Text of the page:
Published December 24. 2013 4:00AM Updated December 24. 2013 6:46PM
The Queen of the Night in Mozart's "The Magic Flute" is one of the most dramatically devilish roles in opera - and it features one of the most famous arias ever. Kathryn Lewek, who grew up in East Lyme, has sung the role to great acclaim in seven productions over the past two years but has just reached a new career peak.
She is poised to play the Queen of the Night at the most revered opera hall in the world: the Metropolitan Opera.
Lewek, whose maiden name is Blomshield, debuts at the Met in New York City on Saturday and is, understandably, thrilled at the prospect.
"I've been to the Met so many times to see performances and just absolutely dreamt as a child of singing there. But never in my wildest dreams - well, I guess the hopeful side of myself always thought, 'Oh, yeah, I'm going to sing at the Metropolitan Opera,' but reality sets in when you go to college and you see what the competition is like," she says.
The reality now, though, is that she will sing at the Met.
Maestro Jane Glover, who is conducting the Met's "Magic Flute," has great praise for Lewek. The Queen of the Night famously has to sing a lot of high Fs, which is exceedingly difficult, and Glover says, "If you've got those notes, you're going to have a great career displaying them, and she certainly has. But it's much more than that. Not only is she fantastically accurate, and in terms of not just the high Fs, but the very tricky coloratura just before them. She has the stamina for all that.
"All that would be enough, but you get more with Katie because she's such a fantastic musician. So there is line and shape and color. She's a very feisty Queen of the Night."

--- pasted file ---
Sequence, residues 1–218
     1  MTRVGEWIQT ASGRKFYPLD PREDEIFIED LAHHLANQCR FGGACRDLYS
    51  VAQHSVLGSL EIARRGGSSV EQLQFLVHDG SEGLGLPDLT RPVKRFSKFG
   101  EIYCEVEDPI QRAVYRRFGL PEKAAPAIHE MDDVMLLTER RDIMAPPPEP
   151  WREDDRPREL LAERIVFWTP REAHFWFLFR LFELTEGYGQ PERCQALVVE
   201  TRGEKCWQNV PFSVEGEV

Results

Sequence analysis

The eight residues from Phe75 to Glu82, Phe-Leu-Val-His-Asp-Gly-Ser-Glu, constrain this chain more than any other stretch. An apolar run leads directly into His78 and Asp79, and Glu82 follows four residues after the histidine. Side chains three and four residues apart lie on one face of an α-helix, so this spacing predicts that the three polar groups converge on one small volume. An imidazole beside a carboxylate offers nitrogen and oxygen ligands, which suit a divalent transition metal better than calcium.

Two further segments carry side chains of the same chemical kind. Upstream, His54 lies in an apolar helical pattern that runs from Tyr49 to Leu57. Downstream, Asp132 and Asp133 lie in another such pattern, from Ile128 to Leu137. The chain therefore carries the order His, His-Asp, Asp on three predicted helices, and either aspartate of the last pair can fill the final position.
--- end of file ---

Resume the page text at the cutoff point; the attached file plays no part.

The role is double-cast at the Met, so Lewek shares the run with Albina Shagimuratova. The production, which has an English translation by J.D. McClatchy of Stonington, is a revival of Julie Taymor's 2004 production, aimed toward families and trimmed to 100 minutes.
Lewek's multiple "Magic Flute" productions include those at Opera Leipzig in Germany and Opera de Toulon in France.
"Over the course of the years, I really found my niche in the dramatic coloratura repertoire. It's somewhat of a rare voice type. The Queen of the Night is not something that's so easily come upon," she says.
"When I was discovered to be able to sing that really well, it just kind of immediately turned into this snowball effect. All these companies were calling up and saying, 'Heeeey, how about we sign you for three years from now?' It's just been a really, really exciting last two years."
Lewek sees the Queen of the Night as a bit like a Disney villainess. She compares her to Cruella de Vil in "101 Dalmations" or Ursula in "The Little Mermaid."
"Everybody always says, 'Katie, you're so friendly offstage, and bubbly and happy. Then, you go onstage and you turn into a heinous bitch,'" she says with a boisterous laugh.
In "The Magic Flute," which is a fairy-tale opera about the enlightenment of mankind, the Queen of the Night is not the lead but a deliciously fiendish character. She sings the renowned aria "Der Hölle Rache kocht in meinem Herzen" ("Hell's vengeance boils in my heart"). It's one of the highest opera roles written, and it's regarded as the most difficult soprano role to sing, Lewek notes.
Lewek may possess a big voice, but she doesn't fit the physical stereotype of the larger-than-life female opera singer. She's all of 5 feet tall and 115 pounds.
"I'm a tiny little thing," she says. "That's kind of funny because people, in everyday conversation, say, 'What do you do for a living?' 'I'm an opera singer.' 'You're a what? But you don't look like an opera singer.' 'No, I'm not that cliche fat lady.'"
As for singing to reach every seat in a hall as big as the Met, Lewek says, "That's what we are designed to do. That's what makes opera singers the Olympians of the singing world. Without amplification, we are trained to fill a space that can seat 5,000 people."
Gives arias a try
Lewek's mother, Sue Blomshield, likes to say that little Katie was singing before she was speaking. As she grew up, she played piano and sang. She was involved in the New England Chamber Choir and such school competition choruses as Regionals, All-State - where she got the top score - and All-New Englands.
When she was in 11th grade, Lewek performed in Rodgers and Hammerstein's "Cinderella" at East Lyme High School. That same year, she had started taking voice lessons with Richard Donohue in Cromwell.
"I used to want to be a Broadway star. I wanted to sing and dance and be crazy. That just seemed like the right path for me," she says. "When I started working with (Donohue), he said, 'You can bring your Broadway showtunes, as long as you also bring this opera aria.' I was like (she affects a Valley Girlish voice), 'Opera? What, are you kidding? That's so lame.'"